August 09, 2012After a turbulent tenure that began only in September 2010, Guilford County Schools Chief Operations Officer Andy LaRowe announced that he will retire effective Sept. 4, 2012.
LaRowe was hired by Guilford County Schools as executive director of facilities in September 2007, shortly before Guilford County voters approved $457 million of school bonds in May 2008.
In the chaos that followed, three men in sequence headed the Guilford County Schools Facilities Department to manage the construction program funded by the bonds: longtime school system consultant Joe Hill; former Chief Operations Officer Leo Bobadilla, who left in April 2010 to become chief operating officer for Houston Superintendent Terry Grier, who was the superintendent of Guilford County Schools from 2000 to 2008; and LaRowe, who succeeded Bobadilla in the top spot after a five-month search.
LaRowe inherited the tangle of construction projects, ethics problems, byzantine payment systems and poorly kept records left by his predecessors. He showed signs of trying to clean up the Facilities Department while managing 27 construction projects, but the juggling act took a toll on his relations with the Guilford County Board of Education and LaRowe's boss, Guilford County School Superintendent Mo Green.
On Nov. 8, 2011, the school board voted unanimously, after a closed session, to terminate its contract with Miles Builders Inc. of Charlotte, the main contractor on the $5.3 million renovation program at High Point Central High School, which had fallen more than a month behind schedule. But the school board also used the closed session to discuss LaRowe's management of the school system's $457 million building program. The result of the discussion, for which LaRowe was not present, was that Green would monitor LaRowe's work more closely.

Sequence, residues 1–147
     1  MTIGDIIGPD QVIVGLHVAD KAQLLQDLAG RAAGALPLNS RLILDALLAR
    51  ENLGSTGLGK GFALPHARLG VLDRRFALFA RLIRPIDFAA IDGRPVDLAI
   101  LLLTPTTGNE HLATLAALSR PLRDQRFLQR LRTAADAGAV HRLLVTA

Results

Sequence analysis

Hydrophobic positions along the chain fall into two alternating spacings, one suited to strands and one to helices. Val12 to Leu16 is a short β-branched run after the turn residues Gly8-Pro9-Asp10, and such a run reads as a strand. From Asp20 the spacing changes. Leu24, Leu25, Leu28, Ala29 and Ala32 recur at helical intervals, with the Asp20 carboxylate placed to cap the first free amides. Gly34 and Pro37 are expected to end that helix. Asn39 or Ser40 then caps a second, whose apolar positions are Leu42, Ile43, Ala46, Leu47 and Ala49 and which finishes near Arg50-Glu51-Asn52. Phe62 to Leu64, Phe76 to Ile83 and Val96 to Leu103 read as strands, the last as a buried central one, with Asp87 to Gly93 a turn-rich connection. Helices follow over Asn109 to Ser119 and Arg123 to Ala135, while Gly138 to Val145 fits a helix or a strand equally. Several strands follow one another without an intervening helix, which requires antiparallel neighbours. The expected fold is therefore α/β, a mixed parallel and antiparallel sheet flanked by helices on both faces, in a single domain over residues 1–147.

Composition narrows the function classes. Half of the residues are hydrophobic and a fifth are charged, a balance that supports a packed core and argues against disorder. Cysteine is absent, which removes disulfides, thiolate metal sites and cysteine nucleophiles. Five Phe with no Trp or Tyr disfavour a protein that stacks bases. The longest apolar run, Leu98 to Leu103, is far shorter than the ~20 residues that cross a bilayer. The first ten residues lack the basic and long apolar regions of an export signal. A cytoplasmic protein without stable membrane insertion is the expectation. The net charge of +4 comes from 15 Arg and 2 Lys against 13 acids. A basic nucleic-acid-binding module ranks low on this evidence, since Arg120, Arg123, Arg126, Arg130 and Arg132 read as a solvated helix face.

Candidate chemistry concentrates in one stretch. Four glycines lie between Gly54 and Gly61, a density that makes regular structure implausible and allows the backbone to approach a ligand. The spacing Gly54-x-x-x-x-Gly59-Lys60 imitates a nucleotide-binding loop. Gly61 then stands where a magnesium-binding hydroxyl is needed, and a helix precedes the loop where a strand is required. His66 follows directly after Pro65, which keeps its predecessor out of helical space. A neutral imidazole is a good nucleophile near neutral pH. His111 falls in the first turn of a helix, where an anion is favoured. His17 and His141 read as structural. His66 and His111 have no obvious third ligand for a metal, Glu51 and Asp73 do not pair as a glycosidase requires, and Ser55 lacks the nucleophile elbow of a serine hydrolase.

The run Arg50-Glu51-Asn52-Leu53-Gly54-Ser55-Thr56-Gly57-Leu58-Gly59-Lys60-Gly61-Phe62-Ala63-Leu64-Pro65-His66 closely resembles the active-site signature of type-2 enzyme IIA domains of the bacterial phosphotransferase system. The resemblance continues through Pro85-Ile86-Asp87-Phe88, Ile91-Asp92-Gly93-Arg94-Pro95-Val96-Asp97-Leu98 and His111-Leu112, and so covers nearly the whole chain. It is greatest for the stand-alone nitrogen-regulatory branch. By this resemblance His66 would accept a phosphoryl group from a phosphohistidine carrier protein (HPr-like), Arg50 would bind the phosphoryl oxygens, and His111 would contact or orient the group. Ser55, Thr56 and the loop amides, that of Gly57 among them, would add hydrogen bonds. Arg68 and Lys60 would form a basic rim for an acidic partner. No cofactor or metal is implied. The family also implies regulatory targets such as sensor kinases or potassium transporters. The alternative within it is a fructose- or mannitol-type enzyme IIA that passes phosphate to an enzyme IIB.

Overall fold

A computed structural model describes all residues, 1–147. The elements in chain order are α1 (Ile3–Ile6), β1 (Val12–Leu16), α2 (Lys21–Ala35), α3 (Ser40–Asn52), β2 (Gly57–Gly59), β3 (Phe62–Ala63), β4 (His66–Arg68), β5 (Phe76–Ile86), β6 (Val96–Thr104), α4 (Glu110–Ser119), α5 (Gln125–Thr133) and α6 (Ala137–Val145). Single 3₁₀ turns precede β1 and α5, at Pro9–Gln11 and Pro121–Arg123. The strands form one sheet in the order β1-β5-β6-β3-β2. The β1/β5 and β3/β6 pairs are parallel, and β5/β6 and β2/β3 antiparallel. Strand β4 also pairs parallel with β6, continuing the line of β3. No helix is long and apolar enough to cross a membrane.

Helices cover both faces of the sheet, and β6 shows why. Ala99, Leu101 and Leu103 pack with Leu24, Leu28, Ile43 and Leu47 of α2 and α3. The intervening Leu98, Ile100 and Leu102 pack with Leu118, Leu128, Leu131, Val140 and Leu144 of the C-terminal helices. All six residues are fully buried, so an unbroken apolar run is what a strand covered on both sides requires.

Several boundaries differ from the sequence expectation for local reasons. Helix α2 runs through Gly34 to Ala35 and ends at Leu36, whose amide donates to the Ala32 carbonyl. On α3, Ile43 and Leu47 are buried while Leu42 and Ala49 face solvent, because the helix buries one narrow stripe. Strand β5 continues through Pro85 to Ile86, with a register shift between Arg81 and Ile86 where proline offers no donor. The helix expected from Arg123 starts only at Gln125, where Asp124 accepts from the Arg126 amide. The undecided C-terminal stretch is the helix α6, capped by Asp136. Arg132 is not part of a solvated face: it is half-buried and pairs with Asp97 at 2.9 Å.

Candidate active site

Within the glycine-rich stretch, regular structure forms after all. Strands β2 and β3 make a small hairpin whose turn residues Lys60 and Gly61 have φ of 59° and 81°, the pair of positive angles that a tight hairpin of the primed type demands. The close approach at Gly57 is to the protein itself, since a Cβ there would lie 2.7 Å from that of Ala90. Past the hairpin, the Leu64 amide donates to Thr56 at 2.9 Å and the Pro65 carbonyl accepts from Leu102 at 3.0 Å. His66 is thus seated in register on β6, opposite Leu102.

At another closed session on March 6, 2012, LaRowe's relationship with Green and the school board had deteriorated to the point that the school board, on Green's recommendation, renewed LaRowe's $135,000-a-year contract – but for only one year, rather than the two-year contracts given to central office administrators or the four-year contracts given to principals and assistant principals.
Nonetheless, LaRowe said there was nothing behind his retirement other than a desire to retire. In other words, he jumped, instead of being pushed.
"I have made my announcement, and I am at a point where I had planned to retire," LaRowe said. "It has no other factors than my own plans where I could be at a place to retire. I am ready to spend more time with my five children and six grandchildren."
LaRowe said he discussed his plans with Green two weeks before the school system announced his retirement on August 2.
"We went through a process," LaRowe said. "Obviously I made my intention known to the superintendent. Obviously we went through a process of telling my superintendent when I would leave and then informing the school board. It was pretty normal. It was purely a decision based on my own personal plans."
LaRowe's exit comes at an odd time. The school board has finished many of the 27 construction projects on the list presented to voters before the bond referendum, but some major ones remain, including the southeast area elementary school that is planned to be built on Lee Street and the $72 million airport area high school, for which the school board has never found land and which may never be built.